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What is the difference between HNPCC and Lynch syndrome?

What is the difference between HNPCC and Lynch syndrome?

HNPCC is defined clinically, usually as families satisfying Amsterdam I or II criteria. 2 Lynch syndrome is defined genetically, by the presence of a germline mutation in DNA mismatch repair (MMR) or EPCAM genes. 3 Not all HNPCC families have Lynch syndrome and not all Lynch syndrome families have HNPCC.

What type of mutation is HNPCC?

Hereditary nonpolyposis colorectal cancer HNPCC, Lynch syndrome) is a genetic disease of autosomal dominant inheritance. It is caused by a mutation in one of four genes of the DNA mismatch repair system and confers a markedly increased risk for various types of cancer, particularly of the colon and the endometrium.

Are there different variations of HNPCC?

HNPCC is divided into Lynch syndrome I (familial colon cancer) and Lynch syndrome II (HNPCC associated with other cancers of the gastrointestinal [GI] or reproductive system). The increased cancer risk is due to inherited mutations that degrade the self-repair capability of DNA.

What is the Amsterdam II criteria?

Through use of the Amsterdam II criteria, patients are diagnosed with HNPCC when the following criteria are present: (i) the family includes three or more relatives with an HNPCC-associated cancer, (ii) one affected patient is a first-degree relative of the other two, (iii) two or more successive generations are …

How is HNPCC diagnosed?

Tests such as colonoscopy and barium enema with flexible sigmoidoscopy are available to tell whether polyps or cancer are present in the colon. For patients at risk for HNPCC, colonoscopy is the preferred method of screening.

How often should a person be screened for HNPCC?

First-degree relatives of persons with HNPCC should undergo screening colonoscopy every one to two years starting at 25 years of age or five years younger than the first cancer diagnosis in the family, whichever comes first. Surveillance should continue until 75 years of age.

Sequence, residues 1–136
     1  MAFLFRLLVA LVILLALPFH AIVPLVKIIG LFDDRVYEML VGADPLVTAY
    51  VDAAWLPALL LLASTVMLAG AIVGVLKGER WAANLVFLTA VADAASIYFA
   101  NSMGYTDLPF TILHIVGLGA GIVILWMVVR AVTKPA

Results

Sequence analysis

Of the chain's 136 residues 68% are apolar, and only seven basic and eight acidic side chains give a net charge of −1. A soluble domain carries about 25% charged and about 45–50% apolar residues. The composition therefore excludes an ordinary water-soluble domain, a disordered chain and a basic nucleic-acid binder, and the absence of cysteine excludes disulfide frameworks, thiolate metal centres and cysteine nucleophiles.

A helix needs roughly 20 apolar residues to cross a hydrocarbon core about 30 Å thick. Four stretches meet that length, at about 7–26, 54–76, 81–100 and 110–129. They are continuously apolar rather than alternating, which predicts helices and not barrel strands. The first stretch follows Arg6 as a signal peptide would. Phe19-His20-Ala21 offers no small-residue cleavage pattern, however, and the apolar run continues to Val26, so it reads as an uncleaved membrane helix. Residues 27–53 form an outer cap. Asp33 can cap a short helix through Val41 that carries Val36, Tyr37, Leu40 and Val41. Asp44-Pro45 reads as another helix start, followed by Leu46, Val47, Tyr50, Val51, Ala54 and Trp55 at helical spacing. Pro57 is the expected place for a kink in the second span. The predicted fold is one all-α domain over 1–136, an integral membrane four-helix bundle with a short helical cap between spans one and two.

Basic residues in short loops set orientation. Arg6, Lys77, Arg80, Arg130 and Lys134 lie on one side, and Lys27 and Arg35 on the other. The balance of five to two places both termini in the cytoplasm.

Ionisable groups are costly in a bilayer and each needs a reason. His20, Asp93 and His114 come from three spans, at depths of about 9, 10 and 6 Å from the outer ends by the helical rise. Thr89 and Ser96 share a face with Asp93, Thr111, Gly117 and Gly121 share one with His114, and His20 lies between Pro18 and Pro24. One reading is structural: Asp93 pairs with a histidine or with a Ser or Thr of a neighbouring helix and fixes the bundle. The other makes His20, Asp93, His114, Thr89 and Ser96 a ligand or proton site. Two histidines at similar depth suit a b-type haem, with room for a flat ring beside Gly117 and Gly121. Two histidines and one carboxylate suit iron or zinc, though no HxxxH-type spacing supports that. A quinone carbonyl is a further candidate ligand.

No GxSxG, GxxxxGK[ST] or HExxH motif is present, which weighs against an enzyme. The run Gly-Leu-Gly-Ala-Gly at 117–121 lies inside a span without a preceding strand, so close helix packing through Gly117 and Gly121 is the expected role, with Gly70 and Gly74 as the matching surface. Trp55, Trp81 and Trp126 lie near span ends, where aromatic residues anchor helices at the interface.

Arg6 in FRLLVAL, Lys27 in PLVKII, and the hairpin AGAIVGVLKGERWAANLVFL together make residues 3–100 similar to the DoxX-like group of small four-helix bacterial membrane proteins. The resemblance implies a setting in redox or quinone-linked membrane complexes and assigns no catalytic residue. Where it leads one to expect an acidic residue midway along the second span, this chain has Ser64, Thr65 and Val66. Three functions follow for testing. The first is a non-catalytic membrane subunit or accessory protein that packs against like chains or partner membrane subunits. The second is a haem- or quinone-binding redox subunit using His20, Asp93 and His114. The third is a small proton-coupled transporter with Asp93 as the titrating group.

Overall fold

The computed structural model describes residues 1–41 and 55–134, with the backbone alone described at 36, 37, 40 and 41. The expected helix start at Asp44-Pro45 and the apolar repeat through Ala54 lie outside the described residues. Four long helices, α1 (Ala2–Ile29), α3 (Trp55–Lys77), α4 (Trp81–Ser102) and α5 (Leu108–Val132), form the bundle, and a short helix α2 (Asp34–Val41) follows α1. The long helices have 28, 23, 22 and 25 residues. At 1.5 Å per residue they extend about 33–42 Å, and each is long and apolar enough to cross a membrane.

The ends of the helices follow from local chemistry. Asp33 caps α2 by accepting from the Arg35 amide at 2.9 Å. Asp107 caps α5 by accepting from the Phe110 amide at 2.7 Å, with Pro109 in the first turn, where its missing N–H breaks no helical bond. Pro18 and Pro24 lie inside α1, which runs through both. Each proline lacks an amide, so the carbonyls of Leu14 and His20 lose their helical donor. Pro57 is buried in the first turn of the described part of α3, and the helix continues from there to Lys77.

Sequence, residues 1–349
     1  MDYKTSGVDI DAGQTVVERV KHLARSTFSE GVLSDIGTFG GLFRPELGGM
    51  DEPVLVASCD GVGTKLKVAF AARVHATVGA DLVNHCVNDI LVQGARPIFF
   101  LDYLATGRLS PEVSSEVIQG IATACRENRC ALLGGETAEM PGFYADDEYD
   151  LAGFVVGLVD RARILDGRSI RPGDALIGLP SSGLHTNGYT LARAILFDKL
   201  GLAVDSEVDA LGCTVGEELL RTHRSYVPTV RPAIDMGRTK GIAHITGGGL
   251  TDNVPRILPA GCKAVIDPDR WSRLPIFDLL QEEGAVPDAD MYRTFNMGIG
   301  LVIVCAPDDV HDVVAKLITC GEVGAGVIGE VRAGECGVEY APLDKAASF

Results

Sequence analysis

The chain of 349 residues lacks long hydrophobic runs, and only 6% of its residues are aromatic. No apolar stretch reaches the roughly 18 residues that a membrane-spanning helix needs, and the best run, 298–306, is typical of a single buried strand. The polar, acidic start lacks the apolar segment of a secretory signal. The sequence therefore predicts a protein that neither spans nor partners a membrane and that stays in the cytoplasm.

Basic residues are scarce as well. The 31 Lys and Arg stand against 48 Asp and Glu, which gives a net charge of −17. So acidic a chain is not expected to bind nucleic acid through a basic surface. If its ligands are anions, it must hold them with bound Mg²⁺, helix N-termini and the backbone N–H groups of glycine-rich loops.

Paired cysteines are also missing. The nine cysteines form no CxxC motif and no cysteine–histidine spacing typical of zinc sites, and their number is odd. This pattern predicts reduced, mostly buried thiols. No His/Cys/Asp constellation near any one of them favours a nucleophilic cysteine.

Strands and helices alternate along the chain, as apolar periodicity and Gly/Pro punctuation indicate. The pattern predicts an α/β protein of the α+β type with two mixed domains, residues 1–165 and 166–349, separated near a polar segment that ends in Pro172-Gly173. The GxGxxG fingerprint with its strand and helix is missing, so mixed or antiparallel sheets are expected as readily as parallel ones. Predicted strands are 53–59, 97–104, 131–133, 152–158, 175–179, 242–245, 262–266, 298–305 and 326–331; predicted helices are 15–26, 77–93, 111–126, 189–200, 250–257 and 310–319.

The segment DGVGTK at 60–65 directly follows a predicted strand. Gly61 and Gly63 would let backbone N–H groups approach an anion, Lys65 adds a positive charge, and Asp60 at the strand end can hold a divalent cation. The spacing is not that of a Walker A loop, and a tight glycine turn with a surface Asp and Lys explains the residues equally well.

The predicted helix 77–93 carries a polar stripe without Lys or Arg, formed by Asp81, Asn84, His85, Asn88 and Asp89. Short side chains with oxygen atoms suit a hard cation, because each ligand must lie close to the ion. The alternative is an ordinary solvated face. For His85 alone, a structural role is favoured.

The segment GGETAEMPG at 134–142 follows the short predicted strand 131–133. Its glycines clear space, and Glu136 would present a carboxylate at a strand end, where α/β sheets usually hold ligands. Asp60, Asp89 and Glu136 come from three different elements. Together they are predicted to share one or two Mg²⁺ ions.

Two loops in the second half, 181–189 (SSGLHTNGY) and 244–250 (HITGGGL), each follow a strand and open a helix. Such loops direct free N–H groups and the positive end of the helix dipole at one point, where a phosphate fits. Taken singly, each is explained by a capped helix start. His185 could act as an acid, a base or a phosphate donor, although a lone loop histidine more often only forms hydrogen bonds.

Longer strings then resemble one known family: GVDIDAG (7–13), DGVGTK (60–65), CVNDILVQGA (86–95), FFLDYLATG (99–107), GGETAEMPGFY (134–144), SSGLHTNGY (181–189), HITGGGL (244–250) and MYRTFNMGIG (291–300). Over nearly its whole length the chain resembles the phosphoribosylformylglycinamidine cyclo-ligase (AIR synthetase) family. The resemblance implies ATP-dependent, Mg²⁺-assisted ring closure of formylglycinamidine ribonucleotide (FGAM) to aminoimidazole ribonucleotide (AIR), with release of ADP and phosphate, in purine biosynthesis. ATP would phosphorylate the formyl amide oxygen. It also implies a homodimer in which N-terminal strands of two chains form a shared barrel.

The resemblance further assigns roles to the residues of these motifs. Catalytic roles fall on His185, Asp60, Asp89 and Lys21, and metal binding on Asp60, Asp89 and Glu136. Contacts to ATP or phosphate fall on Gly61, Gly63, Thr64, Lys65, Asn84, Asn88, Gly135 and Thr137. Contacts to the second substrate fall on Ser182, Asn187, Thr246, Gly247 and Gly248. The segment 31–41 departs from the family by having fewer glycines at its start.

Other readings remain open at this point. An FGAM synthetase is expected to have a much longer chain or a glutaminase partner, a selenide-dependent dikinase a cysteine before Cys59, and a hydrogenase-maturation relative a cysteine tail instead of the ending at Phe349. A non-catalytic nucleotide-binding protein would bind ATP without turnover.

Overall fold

What is the Amsterdam criteria used for?

The Amsterdam criteria are a set of diagnostic criteria used by doctors to help identify families which are likely to have Lynch syndrome, also known as hereditary nonpolyposis colorectal cancer (HNPCC).

How is HNPCC treated?

  1. Surgical Care. Removal of the entire colon is the only way to completely prevent the development of colon cancer or to treat an existing cancer.
  2. Postoperative Surveillance.
  3. Prophylactic Colectomy.
  4. Prophylactic Hysterectomy and Bilateral Salpingo-oophorectomy.
  5. Chemoprevention.
  6. Modifying Behavioral Risk Factors.

How accurate are the Bethesda Guidelines for the diagnosis of HNPCC?

In 2004, the guidelines were amended and are the most accurate clinical criteria tested to date for identifying patients at risk for HNPCC [ 10, 13, 16, 17] (see appendix 1). It has been estimated that the Bethesda guidelines will potentially target 15-20% of the total colorectal cancer burden [ 18 ].

What are the diagnostic criteria for hepatocellular carcinoma (HNPCC)?

Diagnosis of HNPCC is made if any of the following criteria are fulfilled: first-degree relative with CRC or HNPCC related cancer; one of the cancers diagnosed <45 years of age, and the adenoma diagnosed <40 years of age

How common are HNPCC-related tumors diagnosed at tertiary care hospitals?

While approximately 11% of all HNPCC-related tumors (41/380) diagnosed over the course of one year at our tertiary care hospital met revised Bethesda criteria, only 20% of these (8/41) were referred for cancer genetic counseling, despite an active Cancer Genetics Program within our institution.

What does HNPCC stand for?

* Hereditary nonpolyposis colorectal cancer (HNPCC)-related tumors include colorectal, endometrial, stomach, ovarian, pancreas, ureter and renal pelvis, biliary tract, and brain (usually glioblastoma as seen in Turcot syndrome) tumors, sebaceous gland adenomas and keratoacanthomas in Muir-Torre syndrome,…